Despite the disappointment of production being abandoned, the firm did commit to finishing the five prototypes and continuing their development, with the ultimate aim of utilising as many of the technological advances as it could in its upcoming models.
Fast-forward two years, and the Jag received a revival – of sorts – from an unusual source: Eon Productions, owner of the James Bond franchise, had a proposition.
The latest film, Spectre, was set for release in 2015, and while 007’s Aston Martin was already sorted, transport for the villain, Mr Hinx, had yet to be decided.
Eon wanted a C-X75 and Jaguar was only too happy to bring the model out of retirement.
Given the rarity and immense value of the existing prototypes, the decision was quickly made to build five more cars exclusively for the movie, with the project once again being outsourced to Williams.
Unlike the first batch, these C-X75s had to be built to endure the rigours of filming, which called for strength, simplicity and reliability.
In order to withstand the punishing chase scenes, the stunt cars were completely re-engineered and, though they are externally nearly identical to the originals, the similarities are skin deep.
Beneath the glassfibre panels lay a spaceframe constructed from girder-like 60mm steel tubing that would put a World Rally Car to shame. The suspension also came straight from the special stage, and allowed the cars to survive gruelling feats that included crashing down a flight of steps. The fully adjustable springs could be raised for jump sequences and lowered for the road.
Mechanically, the stunt cars bore no relation to either the concept or prototype.
Gone were the electric motors and four-cylinder engine, replaced by a supercharged 5-litre V8 borrowed from the F-type.
Now mid-mounted, there was no room for a conventional gearbox, so each stunt car was fitted with a six-speed sequential unit straight from a GT3 racer, operated via a single paddle mounted to the left of the steering wheel.
On the other side, a hydraulic handbrake afforded Mr Hinx’s stunt double Martin Ivanov total control without the need to go groping between the seats for a conventional lever.
Two of the original prototypes were in fact used during the static scenes, but the lion’s share of the action was carried out by ‘our’ car – one of the four that survived filming, and a vehicle that’s about to be offered for sale at RM Sotheby’s Abu Dhabi auction, with an estimate of $800,000 to $1.2m.
At the time of our drive in it, the Jag was exactly as it was when it rolled off the set, with the notable exception of a colour change from orange to blue: Eon didn’t want too many ‘hero’ cars floating around during the film’s promotion, so this one was covered with a form of wrap that comes off when heated. That’s since been removed and it’ll be sold by RM Sotheby’s in its original hue.
Whatever the colour, the C-X75 is an intimidating place to spend time. From the outside it’s all show car, but from the driver’s seat it means business. The butterfly doors were a styling cue missing from the original concept, and they are feather-light – no doubt due to the extensive use of glassfibre.
The seats are unforgiving and firm, more suited to a racer than a road model, and mobility is limited thanks to a five-point race harness.
The dash retains the general shape of the prototype, but with plastic blanking plates in place of touchscreens, while the centre console is dominated by a Heath-Robinson array of buttons and knobs that would look more at home on earth-moving equipment than a svelte supercar.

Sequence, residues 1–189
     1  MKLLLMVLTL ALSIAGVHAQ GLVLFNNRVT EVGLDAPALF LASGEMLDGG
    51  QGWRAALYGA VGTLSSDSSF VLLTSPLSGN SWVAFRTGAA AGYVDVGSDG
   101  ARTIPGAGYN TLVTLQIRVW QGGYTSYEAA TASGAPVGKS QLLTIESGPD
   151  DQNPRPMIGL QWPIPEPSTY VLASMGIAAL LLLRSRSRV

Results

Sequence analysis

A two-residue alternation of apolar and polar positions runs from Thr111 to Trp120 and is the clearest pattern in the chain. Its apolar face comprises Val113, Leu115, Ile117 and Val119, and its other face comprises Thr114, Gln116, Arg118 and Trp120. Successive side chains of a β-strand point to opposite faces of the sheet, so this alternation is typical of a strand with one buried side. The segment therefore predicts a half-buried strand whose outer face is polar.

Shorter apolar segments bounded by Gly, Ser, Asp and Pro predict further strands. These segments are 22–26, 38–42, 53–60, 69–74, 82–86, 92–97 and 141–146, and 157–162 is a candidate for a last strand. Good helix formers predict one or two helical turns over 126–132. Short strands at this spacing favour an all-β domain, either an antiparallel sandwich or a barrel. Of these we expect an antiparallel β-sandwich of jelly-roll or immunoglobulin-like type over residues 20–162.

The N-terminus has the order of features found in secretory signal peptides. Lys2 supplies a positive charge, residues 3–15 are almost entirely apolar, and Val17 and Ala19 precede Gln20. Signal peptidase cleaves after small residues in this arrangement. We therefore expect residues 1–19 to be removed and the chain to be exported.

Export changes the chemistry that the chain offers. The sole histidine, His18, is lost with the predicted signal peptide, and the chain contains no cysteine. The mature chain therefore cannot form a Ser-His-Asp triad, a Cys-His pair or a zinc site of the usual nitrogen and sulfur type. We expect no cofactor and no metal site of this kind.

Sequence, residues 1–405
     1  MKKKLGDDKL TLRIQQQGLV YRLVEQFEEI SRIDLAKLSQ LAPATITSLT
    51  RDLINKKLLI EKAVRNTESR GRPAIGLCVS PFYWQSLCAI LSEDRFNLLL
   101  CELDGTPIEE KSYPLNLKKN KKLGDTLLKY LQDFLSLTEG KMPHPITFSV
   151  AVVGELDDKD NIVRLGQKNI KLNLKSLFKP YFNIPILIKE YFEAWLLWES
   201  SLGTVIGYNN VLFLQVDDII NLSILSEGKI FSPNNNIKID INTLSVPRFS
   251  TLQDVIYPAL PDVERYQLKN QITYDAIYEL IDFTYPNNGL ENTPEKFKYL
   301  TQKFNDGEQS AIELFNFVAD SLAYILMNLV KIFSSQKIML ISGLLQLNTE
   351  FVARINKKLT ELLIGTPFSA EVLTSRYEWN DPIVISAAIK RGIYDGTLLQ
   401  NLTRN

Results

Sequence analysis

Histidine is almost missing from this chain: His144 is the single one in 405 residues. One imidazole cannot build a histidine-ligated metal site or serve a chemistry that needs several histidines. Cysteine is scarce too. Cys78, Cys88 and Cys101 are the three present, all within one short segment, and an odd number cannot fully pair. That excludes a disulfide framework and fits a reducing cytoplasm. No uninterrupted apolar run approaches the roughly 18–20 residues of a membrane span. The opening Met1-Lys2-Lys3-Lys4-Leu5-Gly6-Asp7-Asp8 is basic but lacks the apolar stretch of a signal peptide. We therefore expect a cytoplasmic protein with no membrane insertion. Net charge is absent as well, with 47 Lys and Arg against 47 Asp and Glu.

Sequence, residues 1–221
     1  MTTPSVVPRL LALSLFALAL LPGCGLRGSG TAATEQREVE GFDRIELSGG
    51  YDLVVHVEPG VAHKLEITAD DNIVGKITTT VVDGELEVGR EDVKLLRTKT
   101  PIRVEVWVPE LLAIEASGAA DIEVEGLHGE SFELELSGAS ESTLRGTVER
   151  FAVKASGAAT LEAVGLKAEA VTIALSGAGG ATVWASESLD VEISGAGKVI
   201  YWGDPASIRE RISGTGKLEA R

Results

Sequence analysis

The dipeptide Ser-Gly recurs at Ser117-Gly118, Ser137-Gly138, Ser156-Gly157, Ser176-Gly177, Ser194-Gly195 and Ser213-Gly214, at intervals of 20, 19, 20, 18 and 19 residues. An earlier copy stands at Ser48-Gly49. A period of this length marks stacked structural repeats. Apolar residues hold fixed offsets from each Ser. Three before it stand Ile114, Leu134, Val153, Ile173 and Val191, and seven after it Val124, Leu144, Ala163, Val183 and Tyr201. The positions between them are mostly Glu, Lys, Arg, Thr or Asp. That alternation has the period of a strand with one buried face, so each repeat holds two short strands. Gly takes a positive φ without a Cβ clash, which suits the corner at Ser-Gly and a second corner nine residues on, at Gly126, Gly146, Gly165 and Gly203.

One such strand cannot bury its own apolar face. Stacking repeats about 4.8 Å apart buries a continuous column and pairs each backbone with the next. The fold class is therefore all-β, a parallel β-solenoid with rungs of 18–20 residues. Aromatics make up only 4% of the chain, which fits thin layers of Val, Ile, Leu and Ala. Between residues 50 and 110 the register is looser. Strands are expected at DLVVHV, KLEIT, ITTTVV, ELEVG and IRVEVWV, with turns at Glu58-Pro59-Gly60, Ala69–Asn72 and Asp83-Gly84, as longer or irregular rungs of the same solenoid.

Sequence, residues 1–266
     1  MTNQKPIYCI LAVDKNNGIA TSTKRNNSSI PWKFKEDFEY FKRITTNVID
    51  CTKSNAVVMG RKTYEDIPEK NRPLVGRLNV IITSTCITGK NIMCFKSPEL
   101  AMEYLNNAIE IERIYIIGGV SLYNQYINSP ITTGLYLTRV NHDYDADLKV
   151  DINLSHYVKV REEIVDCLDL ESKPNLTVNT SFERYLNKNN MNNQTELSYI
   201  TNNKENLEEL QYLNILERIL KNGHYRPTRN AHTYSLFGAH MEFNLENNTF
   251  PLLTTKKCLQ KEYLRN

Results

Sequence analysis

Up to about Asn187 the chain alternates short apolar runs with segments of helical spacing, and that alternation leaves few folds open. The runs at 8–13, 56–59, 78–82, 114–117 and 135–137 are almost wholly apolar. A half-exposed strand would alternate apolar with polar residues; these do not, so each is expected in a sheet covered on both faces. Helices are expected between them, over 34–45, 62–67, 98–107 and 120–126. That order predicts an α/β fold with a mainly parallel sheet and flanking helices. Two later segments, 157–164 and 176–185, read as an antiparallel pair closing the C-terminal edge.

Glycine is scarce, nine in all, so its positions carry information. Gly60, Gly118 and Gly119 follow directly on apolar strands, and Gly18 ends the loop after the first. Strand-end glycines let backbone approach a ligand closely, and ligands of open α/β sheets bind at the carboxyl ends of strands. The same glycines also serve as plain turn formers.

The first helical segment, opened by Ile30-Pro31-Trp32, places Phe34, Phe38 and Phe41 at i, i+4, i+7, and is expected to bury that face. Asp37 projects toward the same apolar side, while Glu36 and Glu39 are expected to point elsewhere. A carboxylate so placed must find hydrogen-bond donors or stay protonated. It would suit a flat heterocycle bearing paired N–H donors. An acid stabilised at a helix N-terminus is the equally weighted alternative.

With the exception, of course, of a starter switch that seems to have been stolen from a fighter jet.
Turning the isolator switch and flicking the starter wakes the Jag as a trail of blood-red LEDs across the dash spell out SPECTRE.
Depressing the clutch provokes a buzz of mechanical and computational chatter as the V8 flashes angrily up the rev range, filling the cabin with a raucous chorus before settling to a rough idle.
Despite the unconventional controls, the car is remarkably easy to get to grips with: the pedals work as you would expect, while all forward gears and reverse are controlled with the single paddle.
It’s hugely satisfying, too, producing a pneumatic ‘dum-chsssh’ with each lightning-quick change. The light clutch is unnatural yet effective, and pulling away is uneventful.
Until you test the throttle. The thumping V8 is tremendously powerful in the F-type, but when mated to a supercar that weighs so little and is geared for low-speed stunts, the fun really starts.
Acceleration is blistering, with the ’box holding each ratio for mere seconds. Firing through the revs produces an aural assault – with no sound deadening to speak of and thin glassfibre panels amplifying the noise from the mid-mounted engine, the racket is electrifying.
The whole package encourages you to push on, but come across a corner – particularly on a damp circuit strewn with leaves – and you become frightfully aware of the car’s limitations.
This C-X75 was designed with two purposes: to look beautiful, which it does well, and to go sideways, which we imagine – if you possess the skill of Ivanov – it does very well.
For us mere mortals, things are more cautious. Turn-in is sharp, but the chassis is incredibly stiff and twitchy. There’s a sense that the rear wants to step out at any minute, and after a few laps you realise that every muscle is tensed as you grip the wheel and strain against the harness.
It may be perfectly suited to howling around Rome in pursuit of an Aston Martin, but perhaps less so to normal road conditions.
It’s a cruel irony that the basest, most animalistic version of the C-X75 is the one that stands the best chance of being spotted in the wild.
Stepping out of this Jaguar, it’s impossible not to glance over your shoulder and think about what might have been.
The firm’s most technologically advanced and aesthetically pleasing car since the XJ13 and XJ220 was snuffed out not by an accident or devastating economic downturn, but by a schizophrenic fit of self-doubt.
Rather than avoid a white elephant, Jaguar threw away a winning lottery ticket.
Images: Tony Baker